6. Rose,

    You're right, daylilies don't like root competition because they're so rooty themselves. The tawny daylilies for me make lots of leaves and fewer flowers than they would in a sunny, root-free location. That said, in those places they actually compete with themselves, and can require division.

    I exaggerate somewhat for effect. There are a few other varieties in the front garden. I have one called 'Damask Silk' for example that does bloom. However, the plain old fulvas are far greater explorers, boldly going where no daylily has gone before.


    Remember that the off-set of 'Gentle Shepherd' doesn't really go gangbusters for me in the back garden. It might just be a more reluctant bloomer. Very pretty when it does, though.

    J in Ottawa,

    I'm not really sure why so many people have a hate on for Stella. It isn't her fault that people abuse her. It's like dog breeds that are reviled, when the fault really lies with the owners. You just go ahead and enjoy those cheerful Stellas — I'm sure you treat them well.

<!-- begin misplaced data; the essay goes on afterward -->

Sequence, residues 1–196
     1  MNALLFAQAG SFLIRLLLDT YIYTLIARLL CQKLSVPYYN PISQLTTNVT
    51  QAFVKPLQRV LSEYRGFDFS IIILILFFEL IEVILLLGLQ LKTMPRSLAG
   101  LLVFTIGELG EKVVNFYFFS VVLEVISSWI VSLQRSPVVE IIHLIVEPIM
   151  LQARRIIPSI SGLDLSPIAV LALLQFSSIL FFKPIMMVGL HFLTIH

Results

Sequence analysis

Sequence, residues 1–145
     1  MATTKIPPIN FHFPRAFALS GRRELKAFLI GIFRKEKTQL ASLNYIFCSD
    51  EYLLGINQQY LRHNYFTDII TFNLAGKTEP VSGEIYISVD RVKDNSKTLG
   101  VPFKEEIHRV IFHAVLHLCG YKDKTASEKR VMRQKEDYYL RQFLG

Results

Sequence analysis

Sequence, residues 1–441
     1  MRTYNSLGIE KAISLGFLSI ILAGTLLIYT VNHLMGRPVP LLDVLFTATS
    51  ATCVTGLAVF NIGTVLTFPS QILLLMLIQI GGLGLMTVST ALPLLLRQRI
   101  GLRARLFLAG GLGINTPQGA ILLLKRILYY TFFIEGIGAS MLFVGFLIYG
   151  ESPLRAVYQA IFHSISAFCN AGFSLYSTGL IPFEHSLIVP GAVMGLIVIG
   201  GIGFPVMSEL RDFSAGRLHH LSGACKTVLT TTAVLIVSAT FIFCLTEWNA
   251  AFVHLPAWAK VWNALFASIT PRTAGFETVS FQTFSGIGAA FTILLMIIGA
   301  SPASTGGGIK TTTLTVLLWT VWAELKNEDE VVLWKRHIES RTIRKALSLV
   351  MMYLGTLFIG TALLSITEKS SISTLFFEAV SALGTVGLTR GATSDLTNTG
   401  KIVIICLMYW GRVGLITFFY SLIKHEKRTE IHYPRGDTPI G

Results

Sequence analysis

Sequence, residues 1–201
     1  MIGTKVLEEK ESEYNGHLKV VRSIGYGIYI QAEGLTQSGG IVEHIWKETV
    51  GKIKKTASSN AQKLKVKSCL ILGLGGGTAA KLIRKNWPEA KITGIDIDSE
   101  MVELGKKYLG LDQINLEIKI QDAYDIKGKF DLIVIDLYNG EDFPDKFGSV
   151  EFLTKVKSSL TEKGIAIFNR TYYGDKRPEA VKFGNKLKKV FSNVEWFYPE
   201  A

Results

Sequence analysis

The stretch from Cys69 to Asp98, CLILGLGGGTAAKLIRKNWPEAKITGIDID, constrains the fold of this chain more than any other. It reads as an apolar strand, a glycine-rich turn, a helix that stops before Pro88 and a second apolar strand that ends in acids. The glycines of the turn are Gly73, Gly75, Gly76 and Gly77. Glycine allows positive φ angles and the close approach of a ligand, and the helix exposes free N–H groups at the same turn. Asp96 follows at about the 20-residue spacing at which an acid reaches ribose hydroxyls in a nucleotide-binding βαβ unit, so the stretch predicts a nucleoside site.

I have three words for you: sandy, dry, shade. A week or so of bloom is a blessing, I'll tell ya.


    I'm going to be investigating daylilies that stand up to tough treatment and will report back for the benefit of the equally dry shade challenged.

    Cheers, everyone, and thanks for your comments.

  7. I think one of the difference between the newer daylilies and the old species is that the the newer ones tend to form more circular clumps that stay that way, (eventually growing outward from there, but remaining in a more orderly circular form). The older ones, however, have a more rangy habit of spreading every which way, and colonize a large area more quickly.

    That's what I've noticed in my garden anyway.

    And I LIKE Stella D'Oro. She can't help it if she got packaged into a million bags at the big box stores! (and everywhere else)